Quantum wave

Industry and business partnerships

Sharing expertise to solve problems
We connect our leading researchers and students with industry, business and government partners. We're working with our partners to tackle issues ranging from climate change to mental health.

Why partner with us? 

We have both the experts and facilities to accommodate your research and development (R&D) needs.

When you partner with us, you'll work with people who are leaders in their fields, and have the ability to solve some of the greatest challenges faced by industry, businesses and government. 

You'll also have access to our state-of-the-art equipment and facilities

Our competitive rates ensure your organisation maximises R&D budgets, and allows you to claim the R&D tax incentive. We can scope projects according to your budget without the need to hire or retain costly full-time staff. We also have access to government funding and grants, which can increase your research budget. 

Our partnerships

We're working on a number of meaningful research collaboration projects with our industry partners, including:

Our multi-year partnership with Microsoft establishes ongoing investment at the Sydney Nanoscience Hub as Microsoft moves from research to real-world engineering of quantum machines.

This investment is bringing state-of-the-art equipment, allowing the recruitment of new staff and helping to build the nation’s scientific and engineering talent. It also focuses significant research project funding into the University, assuring the nation a key role in the emerging 'quantum economy'.

Professor David Reilly is leading the team at Station Q Sydney (the Australian arm of Microsoft’s global Station Q) and believes that this partnership will bring quantum computing out of the laboratory and into the real world where it can have genuine impact.

Our ongoing partnership with Qantas is developing flight-planning systems that will help the airline fly optimised routes, reduce fuel consumption and improve operational effectiveness. This is helping to pave the way for greater operational efficiency and supporting greener commercial aviation.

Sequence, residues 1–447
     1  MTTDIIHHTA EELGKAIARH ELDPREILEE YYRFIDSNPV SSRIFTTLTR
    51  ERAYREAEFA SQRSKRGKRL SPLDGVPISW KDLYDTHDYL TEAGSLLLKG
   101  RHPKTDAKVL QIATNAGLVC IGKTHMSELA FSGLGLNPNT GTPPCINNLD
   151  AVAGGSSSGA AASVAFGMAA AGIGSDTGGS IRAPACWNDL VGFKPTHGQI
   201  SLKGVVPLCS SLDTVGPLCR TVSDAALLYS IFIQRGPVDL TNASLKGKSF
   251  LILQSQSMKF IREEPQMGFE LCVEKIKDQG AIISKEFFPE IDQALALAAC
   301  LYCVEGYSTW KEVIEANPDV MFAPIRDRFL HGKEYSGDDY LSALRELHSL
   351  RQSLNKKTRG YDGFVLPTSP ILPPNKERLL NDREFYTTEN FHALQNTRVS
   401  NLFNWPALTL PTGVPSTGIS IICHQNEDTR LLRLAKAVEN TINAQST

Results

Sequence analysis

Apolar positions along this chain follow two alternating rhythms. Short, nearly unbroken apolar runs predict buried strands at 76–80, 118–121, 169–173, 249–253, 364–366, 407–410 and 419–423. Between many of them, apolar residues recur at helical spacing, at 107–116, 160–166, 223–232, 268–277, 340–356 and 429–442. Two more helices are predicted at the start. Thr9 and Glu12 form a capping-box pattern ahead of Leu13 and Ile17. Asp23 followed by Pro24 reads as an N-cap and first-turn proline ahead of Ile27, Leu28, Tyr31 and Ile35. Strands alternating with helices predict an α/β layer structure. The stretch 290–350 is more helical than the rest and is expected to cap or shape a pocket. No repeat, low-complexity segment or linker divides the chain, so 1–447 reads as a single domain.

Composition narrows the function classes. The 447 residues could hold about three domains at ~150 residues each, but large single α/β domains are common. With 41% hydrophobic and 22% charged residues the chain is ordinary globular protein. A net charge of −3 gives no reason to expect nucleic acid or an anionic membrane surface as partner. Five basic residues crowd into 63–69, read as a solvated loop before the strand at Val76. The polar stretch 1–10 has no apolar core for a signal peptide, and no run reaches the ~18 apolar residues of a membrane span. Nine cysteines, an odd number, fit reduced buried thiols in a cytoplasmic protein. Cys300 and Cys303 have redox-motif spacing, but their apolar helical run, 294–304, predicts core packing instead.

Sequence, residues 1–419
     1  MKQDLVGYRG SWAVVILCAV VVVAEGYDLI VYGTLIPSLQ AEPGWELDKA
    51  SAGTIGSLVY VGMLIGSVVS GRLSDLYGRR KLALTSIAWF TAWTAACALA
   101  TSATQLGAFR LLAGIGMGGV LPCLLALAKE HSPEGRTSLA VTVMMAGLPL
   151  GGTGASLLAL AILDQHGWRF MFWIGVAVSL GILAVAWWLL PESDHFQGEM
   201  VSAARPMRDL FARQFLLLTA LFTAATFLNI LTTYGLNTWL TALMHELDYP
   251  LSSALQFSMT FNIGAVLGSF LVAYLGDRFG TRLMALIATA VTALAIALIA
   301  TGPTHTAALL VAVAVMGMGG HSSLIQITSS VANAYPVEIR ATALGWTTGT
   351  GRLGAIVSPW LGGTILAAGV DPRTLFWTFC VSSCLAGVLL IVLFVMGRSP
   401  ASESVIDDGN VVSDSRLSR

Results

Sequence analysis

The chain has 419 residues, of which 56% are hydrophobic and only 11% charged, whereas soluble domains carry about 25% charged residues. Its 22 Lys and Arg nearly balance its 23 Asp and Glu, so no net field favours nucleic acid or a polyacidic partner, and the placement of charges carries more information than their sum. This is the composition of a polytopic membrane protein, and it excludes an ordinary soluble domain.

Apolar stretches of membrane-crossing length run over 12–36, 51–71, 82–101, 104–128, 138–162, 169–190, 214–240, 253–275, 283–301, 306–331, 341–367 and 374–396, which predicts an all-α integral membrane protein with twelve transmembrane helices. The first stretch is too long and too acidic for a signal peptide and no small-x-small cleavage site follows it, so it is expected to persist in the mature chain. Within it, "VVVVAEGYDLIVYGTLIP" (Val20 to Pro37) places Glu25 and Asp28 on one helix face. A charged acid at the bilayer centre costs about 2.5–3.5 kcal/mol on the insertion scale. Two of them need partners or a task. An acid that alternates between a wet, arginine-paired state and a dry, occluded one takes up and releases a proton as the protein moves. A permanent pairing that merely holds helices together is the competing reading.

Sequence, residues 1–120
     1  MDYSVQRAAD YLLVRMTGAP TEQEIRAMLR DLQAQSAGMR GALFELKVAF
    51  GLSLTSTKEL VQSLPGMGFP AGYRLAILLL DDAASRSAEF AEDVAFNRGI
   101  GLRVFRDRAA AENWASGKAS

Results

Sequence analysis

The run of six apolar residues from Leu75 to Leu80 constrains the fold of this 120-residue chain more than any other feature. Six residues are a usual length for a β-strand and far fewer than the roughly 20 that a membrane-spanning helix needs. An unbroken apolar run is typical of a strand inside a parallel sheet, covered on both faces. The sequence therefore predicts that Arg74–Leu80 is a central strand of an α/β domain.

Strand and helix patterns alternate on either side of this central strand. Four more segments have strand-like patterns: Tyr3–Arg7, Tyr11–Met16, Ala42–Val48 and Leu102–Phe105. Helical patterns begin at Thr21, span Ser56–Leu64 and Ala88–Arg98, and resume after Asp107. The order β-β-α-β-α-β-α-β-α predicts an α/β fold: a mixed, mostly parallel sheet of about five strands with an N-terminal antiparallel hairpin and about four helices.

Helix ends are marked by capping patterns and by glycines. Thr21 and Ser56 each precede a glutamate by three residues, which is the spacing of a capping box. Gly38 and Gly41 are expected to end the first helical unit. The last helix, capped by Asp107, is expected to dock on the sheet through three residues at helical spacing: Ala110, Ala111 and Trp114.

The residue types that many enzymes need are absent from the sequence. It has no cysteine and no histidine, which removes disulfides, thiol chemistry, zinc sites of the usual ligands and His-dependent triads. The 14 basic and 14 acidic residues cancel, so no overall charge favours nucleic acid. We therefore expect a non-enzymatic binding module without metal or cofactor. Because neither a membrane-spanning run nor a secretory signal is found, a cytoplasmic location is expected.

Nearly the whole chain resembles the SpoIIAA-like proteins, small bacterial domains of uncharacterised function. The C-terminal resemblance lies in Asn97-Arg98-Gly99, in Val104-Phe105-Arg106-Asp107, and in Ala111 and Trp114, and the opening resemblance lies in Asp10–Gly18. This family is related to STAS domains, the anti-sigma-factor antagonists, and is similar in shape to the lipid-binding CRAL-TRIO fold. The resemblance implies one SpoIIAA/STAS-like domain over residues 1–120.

Managed by Professor Salah Sukkarieh from the Australian Centre for Field Robotics (ACFR), the research has focused on how aerodynamics, flight mechanics, large-scale optimisation and machine learning algorithms can be used to design better flight-planning routines and fuel prediction models.

The partnership is now looking at building on the outcomes of the research as well as focussing on new areas of research, such as weather avoidance.

Additionally, the collaboration has allowed our students to work closely with an industrial partner to provide them with valuable commercial experience so that they can hit the ground running when they enter the workforce.

Our Brain and Mind Centre is partnering with the BHP Foundation on a five-year program ‘Right care, first time, where you live,’ combining local knowledge and lived experience with cutting edge research to create sustained, coordinated and digitally enhanced youth mental health care. 

A successful 9-month pilot program was run in 2020 with Healthy North Coast, the provider of the North Coast Primary Health Network (PHN). Armed with real-time data, the PHN worked with community and service providers to focus on social connectedness through a program that is now in place in six towns in the region. 

These local models will become a blueprint, to be scaled up or down to support the mental health service needs of communities across the country.

We have an ongoing partnership with international mining group Rio Tinto, seeking to increase mining automation. Established in 2007 in the Faculty of Engineering, the Rio Tinto Centre for Mine Automation (RTCMA) works on the development and deployment of technologies that hope to deliver fully remote autonomous mining processes. 

The research partnership's next phase will focus on providing an improvement in safety, predictability, precision and efficiency of typical surface mining operations through automation.

In addition to working closely with Rio Tinto, the RTCMA has also contributed to training the next generation of mining automation engineers and technicians, providing our undergraduate and postgraduate students with vital exposure to commercially relevant real-world problems.